■ Physician-patient:

Communicating effectively with patients to optimize their care

Lack of preoperative consent

Published: November 2022

Type of activity: Text case

Activity summary

This text case portrays a situation in which surgery was postponed due to a misunderstanding during the consent process. The facilitation questions and suggestions to faculty focus on helping learners to identify what went wrong and how to improve the consent process.

Case scenario

A 37-year-old female, mother of 3 children, presents with a history of irregular and heavy menses. Physical examination by a gynecologist reveals an enlarged and bulky uterus, suggestive of fibroids. Investigations indicate normal thyroid function, but hemoglobin and hematocrit levels are both low. Conservative measures including the use of hormonal medication, and non-steroidal anti-inflammatory medications have not proven beneficial. An endometrial biopsy showed hyperplasia but no dysplasia. 

The following note is dictated by the gynecologist to the family physician:

"We saw Susan Smith today in follow-up. She was in good spirits. The uterus is moderately enlarged and she continues to have irregular bleeding. She has given it quite a bit of thought and wishes to have permanent relief of this bleeding and pain. We will bring her in for a total abdominal hysterectomy and possible bilateral salpingectomy. Hopefully we can do this early in the New Year." 

The patient's pre-op assessment is on March 4, in anticipation of surgery on March 11. During the pre-operative visit the nurse explains the planned procedure, telling the patient she will have a single incision across her lower abdomen in the bikini area and that she will need 6 to 8 weeks off work to recover. The nurse also gives the patient a brochure on abdominal hysterectomy.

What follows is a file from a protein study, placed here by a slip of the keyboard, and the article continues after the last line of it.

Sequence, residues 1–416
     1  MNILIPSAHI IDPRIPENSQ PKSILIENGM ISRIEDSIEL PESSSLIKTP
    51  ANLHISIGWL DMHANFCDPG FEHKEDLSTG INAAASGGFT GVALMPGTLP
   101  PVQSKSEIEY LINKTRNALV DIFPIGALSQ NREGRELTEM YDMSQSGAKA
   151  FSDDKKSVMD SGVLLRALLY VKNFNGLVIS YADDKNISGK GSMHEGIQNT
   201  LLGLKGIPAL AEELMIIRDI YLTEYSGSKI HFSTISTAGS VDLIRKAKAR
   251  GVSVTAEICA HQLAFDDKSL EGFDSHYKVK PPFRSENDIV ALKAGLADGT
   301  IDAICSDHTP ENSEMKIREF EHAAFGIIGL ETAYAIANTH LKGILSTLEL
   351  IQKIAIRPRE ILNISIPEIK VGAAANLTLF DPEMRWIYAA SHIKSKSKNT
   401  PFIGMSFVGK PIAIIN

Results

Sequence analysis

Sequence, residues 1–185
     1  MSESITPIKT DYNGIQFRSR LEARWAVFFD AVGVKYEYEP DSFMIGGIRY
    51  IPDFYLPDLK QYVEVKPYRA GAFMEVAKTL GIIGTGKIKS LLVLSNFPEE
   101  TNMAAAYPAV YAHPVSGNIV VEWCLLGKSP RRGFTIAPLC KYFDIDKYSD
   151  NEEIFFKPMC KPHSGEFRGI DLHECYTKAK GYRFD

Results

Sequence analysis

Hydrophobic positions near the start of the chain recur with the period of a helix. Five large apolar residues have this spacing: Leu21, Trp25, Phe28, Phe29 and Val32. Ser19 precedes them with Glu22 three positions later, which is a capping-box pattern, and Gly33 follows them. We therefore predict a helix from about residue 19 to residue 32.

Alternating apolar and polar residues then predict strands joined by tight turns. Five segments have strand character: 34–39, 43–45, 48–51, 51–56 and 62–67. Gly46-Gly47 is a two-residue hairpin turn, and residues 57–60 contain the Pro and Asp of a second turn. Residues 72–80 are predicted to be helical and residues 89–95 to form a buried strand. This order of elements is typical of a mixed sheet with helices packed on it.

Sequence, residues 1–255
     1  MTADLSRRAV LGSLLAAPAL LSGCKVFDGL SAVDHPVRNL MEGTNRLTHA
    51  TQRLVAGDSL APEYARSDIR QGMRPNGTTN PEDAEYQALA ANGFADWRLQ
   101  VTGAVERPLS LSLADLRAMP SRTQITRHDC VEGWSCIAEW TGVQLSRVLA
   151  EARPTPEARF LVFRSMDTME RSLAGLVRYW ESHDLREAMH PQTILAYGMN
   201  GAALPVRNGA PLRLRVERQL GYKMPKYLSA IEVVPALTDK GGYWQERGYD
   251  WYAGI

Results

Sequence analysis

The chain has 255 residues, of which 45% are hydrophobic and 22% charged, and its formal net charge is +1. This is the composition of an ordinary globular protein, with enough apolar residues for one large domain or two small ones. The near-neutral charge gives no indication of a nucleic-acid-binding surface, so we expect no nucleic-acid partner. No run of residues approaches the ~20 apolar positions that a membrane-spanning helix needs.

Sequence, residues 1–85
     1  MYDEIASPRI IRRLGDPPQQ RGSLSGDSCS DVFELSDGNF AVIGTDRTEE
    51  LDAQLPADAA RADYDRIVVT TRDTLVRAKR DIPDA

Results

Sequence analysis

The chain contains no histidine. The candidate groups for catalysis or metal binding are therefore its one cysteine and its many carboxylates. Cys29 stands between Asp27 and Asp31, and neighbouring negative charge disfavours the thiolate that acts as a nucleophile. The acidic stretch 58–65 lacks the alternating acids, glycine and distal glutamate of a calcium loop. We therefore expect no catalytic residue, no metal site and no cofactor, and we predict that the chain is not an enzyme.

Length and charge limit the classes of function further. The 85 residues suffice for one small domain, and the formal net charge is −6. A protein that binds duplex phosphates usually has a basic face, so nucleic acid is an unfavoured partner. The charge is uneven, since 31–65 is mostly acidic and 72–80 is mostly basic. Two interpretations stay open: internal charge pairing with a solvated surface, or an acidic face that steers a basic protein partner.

The patient is surprised. Based on her sister's experience, she had understood the surgery would be done laparoscopically (laparoscopic assisted vaginal hysterectomy) through 3 small incisions. The nurse tells the patient she should contact the surgeon’s office for clarification. The nurse also leaves a message with the surgeon’s office asking that the patient be contacted. 

After several attempts at trying to connect with each other, the patient and surgeon speak by phone on the afternoon of March 10. The patient is upset because she had made arrangements for a much shorter recovery, and she is unable to be off work or get help at home for 6 to 8 weeks at this time. The surgeon feels frustrated, believing that they had discussed the recovery time at the earlier office visit when the decision to operate was made. Nevertheless, the surgeon cancels the case the following day and arranges for another office visit with the patient to discuss the operation in greater detail.

Facilitation questions

  1. What general information categories would you typically include in an informed consent discussion? When should this take place?
  2. How might this misunderstanding have been avoided?
  3. The patient assumed that her surgery would be the same as her sister's hysterectomy. How might the surgeon have elicited this assumption on the part of the patient?
  4. How could the documentation reflect a consent discussion that included strategies to avoid assumptions and misunderstandings?

Suggestions to faculty

This text case can also be used to discuss the CMPA Good practices“Professionalism and ethics: Professionalism” and “Physician-team: Team communication”

  1. Professionalism
    • Discuss the surgeon's reaction to the patient's last minute refusal to consent.
  2. Team communication
    • Discuss how the members of the team, the office nurse, the booking clerk, and the nurse in the pre-op clinic could have decreased the likelihood of this event.

Additional resources

CanMEDS: Medical Expert, Communicator, Professional

DISCLAIMER: The information contained in this learning material is for general educational purposes only and is not intended to provide specific professional medical or legal advice, nor to constitute a "standard of care" for Canadian healthcare professionals. The use of CMPA learning resources is subject to the foregoing as well as the CMPA's Terms of Use.